Islamic State, al-Qaida Groups Grow in Sahel’s Security Vacuum
One violent extremist group has nearly doubled the territory it controls in Mali after the ruling junta severed ties with international peacekeepers and empowered brutal Russian mercenaries.
The ramifications are roiling northern Mali, where problems began 11 years ago with an Islamist revolt and continue to proliferate in neighboring Burkina Faso to the south. In that country, militants have dominated the north, east and west since a coup removed the civilian government in 2022.
Two groups are responsible for most of the violence: the Islamic State of the Greater Sahara (ISGS) and Jama’at Nusrat al-Islam wal-Muslimin (JNIM). In northern Mali, ISGS has been able to nearly double the territory it controls in less than a year, according to a 104-page report by U.N. experts circulated in August.
As ISGS continues to attack civilians in the region, it has made those who signed a 2015 peace agreement, including the Malian government, the Coordination of Azawad Movements and the Platform of the Movement of June 14, 2014, appear weak and unable to guarantee security.
JNIM has capitalized on this chaos and “is now positioning itself as the sole actor capable of protecting populations against Islamic State in the Greater Sahara,” the U.N. report states. Thus, groups that signed the agreement now rely on JNIM to gain credibility in their communities.
The result is an ever-increasing number of attacks by both groups in Burkina Faso and Mali. Africa Center for Strategic Studies (ACSS) statistics show that attacks have grown steadily since 2014 and now are spreading beyond the borders of the two countries.
Attacks from the two groups are crossing borders into Mauritania in the case of JNIM and al-Qaida affiliates, and into Niger in the case of ISGS and its affiliates. Both main groups now threaten the northern regions of coastal states Benin, Côte d’Ivoire, Ghana and Togo, according to the ACSS.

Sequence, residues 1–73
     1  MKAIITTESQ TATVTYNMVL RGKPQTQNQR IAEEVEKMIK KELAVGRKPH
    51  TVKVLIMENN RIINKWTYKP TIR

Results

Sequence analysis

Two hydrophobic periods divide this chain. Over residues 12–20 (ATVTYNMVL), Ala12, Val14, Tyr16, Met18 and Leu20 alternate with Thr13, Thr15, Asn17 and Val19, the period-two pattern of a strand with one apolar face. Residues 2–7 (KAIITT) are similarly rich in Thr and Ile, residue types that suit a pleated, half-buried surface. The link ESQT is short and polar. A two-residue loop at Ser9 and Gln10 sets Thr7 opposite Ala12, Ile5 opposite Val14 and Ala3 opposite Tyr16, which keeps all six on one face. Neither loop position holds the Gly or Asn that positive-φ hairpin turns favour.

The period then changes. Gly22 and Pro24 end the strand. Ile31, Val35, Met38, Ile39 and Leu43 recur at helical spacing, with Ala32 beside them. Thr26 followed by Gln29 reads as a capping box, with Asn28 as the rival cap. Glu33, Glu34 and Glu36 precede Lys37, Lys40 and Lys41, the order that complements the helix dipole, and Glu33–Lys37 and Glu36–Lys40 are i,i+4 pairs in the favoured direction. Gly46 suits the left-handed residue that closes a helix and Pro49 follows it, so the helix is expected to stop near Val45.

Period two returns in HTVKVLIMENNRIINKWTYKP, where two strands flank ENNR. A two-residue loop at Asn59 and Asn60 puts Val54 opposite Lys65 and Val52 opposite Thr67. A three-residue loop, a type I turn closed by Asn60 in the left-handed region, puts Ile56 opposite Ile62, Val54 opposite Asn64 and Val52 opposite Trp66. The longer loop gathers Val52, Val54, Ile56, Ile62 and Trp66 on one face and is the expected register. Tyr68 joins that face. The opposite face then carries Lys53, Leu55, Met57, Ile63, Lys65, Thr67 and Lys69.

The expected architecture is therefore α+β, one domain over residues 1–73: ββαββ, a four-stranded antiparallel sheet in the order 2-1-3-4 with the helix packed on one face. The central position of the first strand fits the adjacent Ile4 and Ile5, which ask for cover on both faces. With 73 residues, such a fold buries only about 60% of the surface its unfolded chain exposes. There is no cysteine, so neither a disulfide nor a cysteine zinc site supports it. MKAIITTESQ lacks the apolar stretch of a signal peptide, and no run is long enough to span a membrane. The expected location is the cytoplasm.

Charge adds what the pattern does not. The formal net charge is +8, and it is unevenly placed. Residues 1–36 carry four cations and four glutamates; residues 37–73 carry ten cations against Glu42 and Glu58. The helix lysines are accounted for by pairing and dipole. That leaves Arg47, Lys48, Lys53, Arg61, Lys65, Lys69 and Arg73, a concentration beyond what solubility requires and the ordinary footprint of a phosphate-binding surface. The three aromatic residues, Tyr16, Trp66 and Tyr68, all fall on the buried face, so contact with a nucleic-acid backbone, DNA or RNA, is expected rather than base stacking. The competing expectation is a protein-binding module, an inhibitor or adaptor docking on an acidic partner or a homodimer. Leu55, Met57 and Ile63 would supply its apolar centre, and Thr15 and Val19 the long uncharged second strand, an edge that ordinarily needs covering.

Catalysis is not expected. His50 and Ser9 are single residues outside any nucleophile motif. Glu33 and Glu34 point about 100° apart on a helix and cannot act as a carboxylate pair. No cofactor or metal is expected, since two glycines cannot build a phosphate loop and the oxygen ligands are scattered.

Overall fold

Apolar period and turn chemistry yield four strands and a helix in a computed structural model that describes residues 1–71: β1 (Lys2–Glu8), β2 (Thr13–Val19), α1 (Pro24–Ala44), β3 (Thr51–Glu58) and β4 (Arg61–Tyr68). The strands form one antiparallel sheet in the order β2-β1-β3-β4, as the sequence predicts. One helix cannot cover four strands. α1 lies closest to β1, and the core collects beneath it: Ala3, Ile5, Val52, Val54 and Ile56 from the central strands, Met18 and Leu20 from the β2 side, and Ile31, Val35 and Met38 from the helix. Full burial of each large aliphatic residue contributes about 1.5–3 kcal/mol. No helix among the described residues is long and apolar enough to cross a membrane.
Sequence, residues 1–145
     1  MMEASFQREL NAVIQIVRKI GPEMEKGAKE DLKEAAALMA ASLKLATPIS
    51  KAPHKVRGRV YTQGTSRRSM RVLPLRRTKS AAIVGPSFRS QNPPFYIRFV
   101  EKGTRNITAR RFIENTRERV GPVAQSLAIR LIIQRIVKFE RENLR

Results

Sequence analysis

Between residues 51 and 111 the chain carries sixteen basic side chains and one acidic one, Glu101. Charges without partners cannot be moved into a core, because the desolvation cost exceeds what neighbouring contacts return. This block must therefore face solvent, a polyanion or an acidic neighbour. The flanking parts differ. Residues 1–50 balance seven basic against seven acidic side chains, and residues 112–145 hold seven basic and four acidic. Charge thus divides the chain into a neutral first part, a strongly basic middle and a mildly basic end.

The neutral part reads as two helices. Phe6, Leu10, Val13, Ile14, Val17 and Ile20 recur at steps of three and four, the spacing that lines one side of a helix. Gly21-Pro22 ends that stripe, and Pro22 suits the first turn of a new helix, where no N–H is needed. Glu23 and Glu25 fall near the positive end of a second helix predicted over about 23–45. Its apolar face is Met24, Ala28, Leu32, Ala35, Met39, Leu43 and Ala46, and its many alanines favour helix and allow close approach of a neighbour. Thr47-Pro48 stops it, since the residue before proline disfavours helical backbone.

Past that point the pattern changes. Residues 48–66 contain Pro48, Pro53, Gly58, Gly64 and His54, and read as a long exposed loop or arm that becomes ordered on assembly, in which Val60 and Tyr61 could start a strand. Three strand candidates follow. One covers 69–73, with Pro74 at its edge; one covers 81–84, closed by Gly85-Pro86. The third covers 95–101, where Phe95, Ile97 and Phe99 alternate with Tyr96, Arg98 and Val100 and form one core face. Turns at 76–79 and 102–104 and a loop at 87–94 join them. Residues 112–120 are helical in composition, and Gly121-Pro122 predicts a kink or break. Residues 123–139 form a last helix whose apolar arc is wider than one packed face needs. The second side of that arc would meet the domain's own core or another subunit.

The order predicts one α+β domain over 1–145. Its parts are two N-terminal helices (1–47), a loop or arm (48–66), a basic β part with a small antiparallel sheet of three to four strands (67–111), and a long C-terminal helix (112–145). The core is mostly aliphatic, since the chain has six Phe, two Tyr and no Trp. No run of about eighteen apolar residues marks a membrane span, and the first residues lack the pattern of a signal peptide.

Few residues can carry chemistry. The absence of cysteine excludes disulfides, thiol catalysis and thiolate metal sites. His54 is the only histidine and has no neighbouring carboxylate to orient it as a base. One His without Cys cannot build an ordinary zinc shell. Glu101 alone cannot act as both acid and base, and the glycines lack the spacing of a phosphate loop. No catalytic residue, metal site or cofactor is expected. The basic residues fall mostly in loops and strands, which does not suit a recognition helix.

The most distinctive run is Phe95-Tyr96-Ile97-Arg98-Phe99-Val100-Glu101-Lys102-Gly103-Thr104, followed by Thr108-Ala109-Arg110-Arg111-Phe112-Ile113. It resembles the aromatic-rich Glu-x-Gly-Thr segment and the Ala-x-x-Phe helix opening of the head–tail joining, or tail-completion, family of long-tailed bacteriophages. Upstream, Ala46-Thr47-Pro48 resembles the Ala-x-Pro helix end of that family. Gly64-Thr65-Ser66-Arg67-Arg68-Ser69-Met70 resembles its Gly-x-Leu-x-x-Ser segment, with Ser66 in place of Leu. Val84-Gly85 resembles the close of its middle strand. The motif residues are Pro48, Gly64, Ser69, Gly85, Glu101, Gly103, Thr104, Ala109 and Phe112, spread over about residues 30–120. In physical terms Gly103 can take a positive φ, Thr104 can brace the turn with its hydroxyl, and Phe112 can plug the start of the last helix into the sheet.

Two conditions can be counted among the reasons for the surge in violence. First, two successive coups led to Mali severing ties with international forces such as the French government and a United Nations’ peacekeeping mission, known as MINUSMA. Second, soon after the ruling junta solidified its rule in Mali, it welcomed mercenary forces from Russia’s Wagner Group.
More than 20,000 international forces were on the ground in Mali in 2020, according to the ACSS. That included MINUSMA, European Union forces, French personnel and G5 Sahel forces. By the end of 2023, those levels will be just above 12,000 — a 43% decrease. MINUSMA was set to withdraw completely by December 31 at the Malian junta’s demand. The force had reached 25% of that goal at the end of August, according to the U.N.
As that security presence steadily declined in Mali, violence increased in direct proportion to it. In February 2020, just as Wagner associates began a disinformation campaign against French and MINUSMA forces, violent events linked to militant groups and Wagner abuses were close to 300, according the ACSS.
Acts of violence increased by 97% in 2022 over 2020. Annual deaths connected to the violence more than doubled in 2022, and civilians “have borne the brunt of this violence,” the ACSS said in a February 2023 report. “There were more civilians killed in Mali in every quarter of 2022 than in any previous calendar year. Fatalities associated with violence against civilians are seven times higher in 2022 than in 2021.”
Wagner’s presence also has failed to improve Mali’s security landscape. In fact, it has made conditions worse.
“The lack of military capacity and ability to target jihadis from the air has seen the Wagner Group defaulting to the sort of heavy-handed tactics that it has used in other conflict zones,” the Combating Terrorism Center at West Point wrote in a 2022 report. “Not only does the Wagner Group have no regard for civilian casualties, but it appears to have repeatedly and deliberately targeted civilians in jihadi strongholds to deter the jihadis from launching attacks and to coerce the local population to turn against the jihadis living within their midst.”
The continuing lack of security was underscored on September 7 when JNIM extremists attacked a triple-decker Niger River passenger ferry near Timbuktu and a military installation in Bamba in Gao. In all, the attacks killed 49 civilians and 15 government soldiers, according to media reports.